With interest rates rising, basic loan growth strong and credit quality still holding up well, these are not the worst times for the income statements of small, asset-sensitive banks like Farmers & Merchants Bancorp (OTCQX: FMCB) (“F&M”). Equity returns have been a bit more pedestrian, though I guess not too bad compared to broader stock returns this year, with F&M holding roughly so far in 2022.
F&M doesn’t provide a detailed breakdown of its interest rate sensitivity like most other banks, but between the nature of its deposit base, loan mix, and past performance, it was a fair bet to assume it would get a good deal. recent rate increase. walks. Indeed, that is showing up on the income statement, with the bank racking up record levels of net income both in the third quarter and so far this year.
Talk of a recession has obviously gotten louder in recent quarters, although a domestic recession might not be as certain as it seems. F&M’s agricultural bent probably puts it on a slightly different economic plane in any case, while credit quality has also always been a standout feature of the bank.
With that, I stand by a ‘buy’ rating on this one. These stocks don’t look particularly cheap on a P/TBV basis, though I’ll reiterate from my last article that there are some mitigating features here that warrant a higher valuation.
A higher interest rate winner
A strong central deposit franchise (about 36.5% of its $4.9 billion deposit base is non-interest bearing) and a mix of loans (about 45% adjustable rate) meant there was a good chance F&M would be one. of the best placed banks in an environment of rising interest rates, and the financial results published to date support this. Net interest income for the nine months ended September 30 was $137.4 million, up 15% from $119.7 million in the same period last year, while third quarter NII was $50.5 million, an increase of more than 28% year over year and just under 13% versus Q2.
Looking under the hood, NII’s growth was a function of an increase in interest-earning assets (up 11% year-over-year and 0.8% sequentially to $5.1 billion), while the bank was also able to take advantage of its strong core deposit franchise to produce higher margins. F&M’s funding rate was only 0.1% in the third quarter, 1 bp more than in the same period of the previous year and 2 bp more sequentially, while the yield obtained on its investment securities (1. 96%) and loans and leases (5.06%) increased 20 bps and 39 bps in the previous year. -in-year respectively. The net interest margin was 3.95% in the third quarter, compared to 3.26% in the same period of the previous year and 3.53% in the second quarter.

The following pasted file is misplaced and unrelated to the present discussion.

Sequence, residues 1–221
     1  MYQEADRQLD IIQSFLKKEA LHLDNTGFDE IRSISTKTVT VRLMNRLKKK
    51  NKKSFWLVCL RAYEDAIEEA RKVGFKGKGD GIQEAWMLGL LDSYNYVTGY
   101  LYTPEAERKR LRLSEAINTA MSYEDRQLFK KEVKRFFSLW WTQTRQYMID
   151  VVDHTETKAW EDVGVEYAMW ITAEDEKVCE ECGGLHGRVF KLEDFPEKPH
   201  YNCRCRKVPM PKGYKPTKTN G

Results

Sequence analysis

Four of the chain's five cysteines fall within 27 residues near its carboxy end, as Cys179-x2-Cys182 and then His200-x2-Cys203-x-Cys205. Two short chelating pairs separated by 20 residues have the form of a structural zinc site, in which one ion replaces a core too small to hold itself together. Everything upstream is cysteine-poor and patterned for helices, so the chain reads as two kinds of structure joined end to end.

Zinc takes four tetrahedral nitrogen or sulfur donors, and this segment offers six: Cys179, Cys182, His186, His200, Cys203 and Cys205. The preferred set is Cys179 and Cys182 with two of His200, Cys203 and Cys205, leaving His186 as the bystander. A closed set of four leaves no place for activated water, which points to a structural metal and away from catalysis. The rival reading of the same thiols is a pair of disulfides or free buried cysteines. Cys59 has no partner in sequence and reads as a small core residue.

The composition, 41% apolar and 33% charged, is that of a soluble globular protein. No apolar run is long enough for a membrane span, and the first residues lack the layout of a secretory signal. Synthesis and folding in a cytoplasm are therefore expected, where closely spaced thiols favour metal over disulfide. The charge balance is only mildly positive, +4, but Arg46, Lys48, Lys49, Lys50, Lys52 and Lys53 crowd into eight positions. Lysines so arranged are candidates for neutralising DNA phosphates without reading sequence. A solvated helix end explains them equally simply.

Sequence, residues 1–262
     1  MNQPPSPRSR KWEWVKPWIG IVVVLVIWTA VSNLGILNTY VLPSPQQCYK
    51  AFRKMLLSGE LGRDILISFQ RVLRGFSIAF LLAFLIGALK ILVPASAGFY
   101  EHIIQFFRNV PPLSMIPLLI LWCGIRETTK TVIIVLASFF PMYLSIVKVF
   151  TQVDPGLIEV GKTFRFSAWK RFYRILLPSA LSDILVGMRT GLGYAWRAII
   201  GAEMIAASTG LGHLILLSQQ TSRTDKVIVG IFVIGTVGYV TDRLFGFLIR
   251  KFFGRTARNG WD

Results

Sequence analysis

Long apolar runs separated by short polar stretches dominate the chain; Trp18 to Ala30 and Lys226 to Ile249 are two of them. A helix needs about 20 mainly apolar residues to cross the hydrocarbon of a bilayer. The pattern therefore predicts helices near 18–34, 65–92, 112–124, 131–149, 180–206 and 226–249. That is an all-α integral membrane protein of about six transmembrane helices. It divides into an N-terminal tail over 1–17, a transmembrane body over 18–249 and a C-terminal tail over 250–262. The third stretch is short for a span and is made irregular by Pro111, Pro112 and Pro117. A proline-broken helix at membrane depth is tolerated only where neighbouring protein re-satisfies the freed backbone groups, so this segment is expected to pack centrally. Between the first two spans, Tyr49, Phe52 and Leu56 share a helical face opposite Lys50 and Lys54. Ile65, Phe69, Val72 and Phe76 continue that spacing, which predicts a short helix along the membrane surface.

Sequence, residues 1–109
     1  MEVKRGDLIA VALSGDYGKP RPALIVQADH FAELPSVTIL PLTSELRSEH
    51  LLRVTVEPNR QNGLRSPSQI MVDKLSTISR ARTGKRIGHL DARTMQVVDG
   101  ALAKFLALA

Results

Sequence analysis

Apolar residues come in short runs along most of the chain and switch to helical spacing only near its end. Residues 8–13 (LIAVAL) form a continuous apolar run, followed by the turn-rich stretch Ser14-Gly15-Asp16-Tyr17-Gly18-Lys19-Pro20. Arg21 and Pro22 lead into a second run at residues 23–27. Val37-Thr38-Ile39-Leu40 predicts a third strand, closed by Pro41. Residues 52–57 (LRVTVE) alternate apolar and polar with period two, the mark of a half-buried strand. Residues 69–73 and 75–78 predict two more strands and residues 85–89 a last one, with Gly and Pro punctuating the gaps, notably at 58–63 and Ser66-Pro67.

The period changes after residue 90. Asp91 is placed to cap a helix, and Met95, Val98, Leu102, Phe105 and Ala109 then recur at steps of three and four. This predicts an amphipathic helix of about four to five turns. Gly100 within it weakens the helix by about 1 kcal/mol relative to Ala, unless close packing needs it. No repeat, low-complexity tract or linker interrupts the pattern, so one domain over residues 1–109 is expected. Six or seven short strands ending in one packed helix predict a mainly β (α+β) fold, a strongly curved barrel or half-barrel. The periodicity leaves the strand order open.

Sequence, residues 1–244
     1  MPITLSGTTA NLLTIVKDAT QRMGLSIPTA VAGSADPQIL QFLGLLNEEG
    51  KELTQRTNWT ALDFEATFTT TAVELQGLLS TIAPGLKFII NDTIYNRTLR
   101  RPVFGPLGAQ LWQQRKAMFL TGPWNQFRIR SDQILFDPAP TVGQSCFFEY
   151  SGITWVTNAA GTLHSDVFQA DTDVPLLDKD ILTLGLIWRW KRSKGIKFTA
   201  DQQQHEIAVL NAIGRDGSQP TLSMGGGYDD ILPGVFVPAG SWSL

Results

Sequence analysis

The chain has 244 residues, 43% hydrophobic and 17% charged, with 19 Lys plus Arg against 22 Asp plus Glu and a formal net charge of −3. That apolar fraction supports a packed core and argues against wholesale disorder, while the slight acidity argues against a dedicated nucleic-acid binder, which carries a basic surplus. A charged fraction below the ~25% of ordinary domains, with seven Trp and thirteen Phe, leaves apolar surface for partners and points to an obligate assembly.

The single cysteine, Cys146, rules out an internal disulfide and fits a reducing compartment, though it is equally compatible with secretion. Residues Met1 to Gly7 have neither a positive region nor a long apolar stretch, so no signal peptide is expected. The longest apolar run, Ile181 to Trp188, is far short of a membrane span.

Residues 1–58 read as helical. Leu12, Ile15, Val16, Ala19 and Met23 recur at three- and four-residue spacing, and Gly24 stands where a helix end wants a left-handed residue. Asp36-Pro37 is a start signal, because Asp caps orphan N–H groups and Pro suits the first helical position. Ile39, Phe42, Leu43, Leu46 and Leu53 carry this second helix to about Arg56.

This helped offset lower non-interest income (where the bank posted a $3 million loss on the sale of a portion of its investment securities) and higher operating expenses, which increased 18% year-over-year to $24.4 millions. Pre-provision operating profit was $27.6 million, up 18% year over year and 10% sequentially. EPS was $25.20, up 14% year over year and 7% sequentially, while tangible book value per share (“TBVPS”) came in at just over $590 at the end of the third quarter, up more than 5% year-over-year and 2.3% sequentially.
Loan growth has been strong year-to-date, with core loans (ie excluding PPP balances) up 4.5% year-to-date and 9.5% year-over-year. I expect this to moderate somewhat going forward due to a cooling economy, although higher rates will continue to be a driver for earnings through higher net interest margins.
Credit quality is perhaps a more interesting topic. F&M obviously has a track record of running a very tight ship – you can’t be a Dividend King as a bank without a strong long-term track record in lending practices, so it will be interesting to see how it performs through this cycle. . . The bank’s Central Valley base in and around Lodi and Modesto is obviously quite skewed toward agriculture, and that perhaps puts it on a slightly different economic footing than its peers.
That said, agricultural loans have fallen somewhat as a proportion of the total loan portfolio since the last financial crisis (around 29% today vs. over 35% in 2009), and it will be interesting to see if the bank’s expansion to the East The Bay Area opens you up to the technological recession that is currently taking place. I’m not too worried: provisioning is strong (loan loss provision is about 2% of total loans) as is its capital position, though it may be something to watch in the coming quarters.
Stocks Still Worth Looking For Long-Term Accounts
F&M shares are currently trading at around $975 per share, which puts them at around 1.65x TBVPS and largely unchanged from my first article covering the bank in April.
That doesn’t look particularly cheap given F&M’s profitability profile, although I will reiterate the point I made last time that particular attention should be paid to the bank’s strong performance over the cycle. F&M has posted a low average teen return on equity for the past fifteen years, a period that incorporates the last major economic downturn, while increasing the TBVPS at a CAGR of around 9% over the same period. These stocks are not really suitable for short-term trading due to their low volume on the pink sheets, but for long-term accounts they are still a fair value. To buy.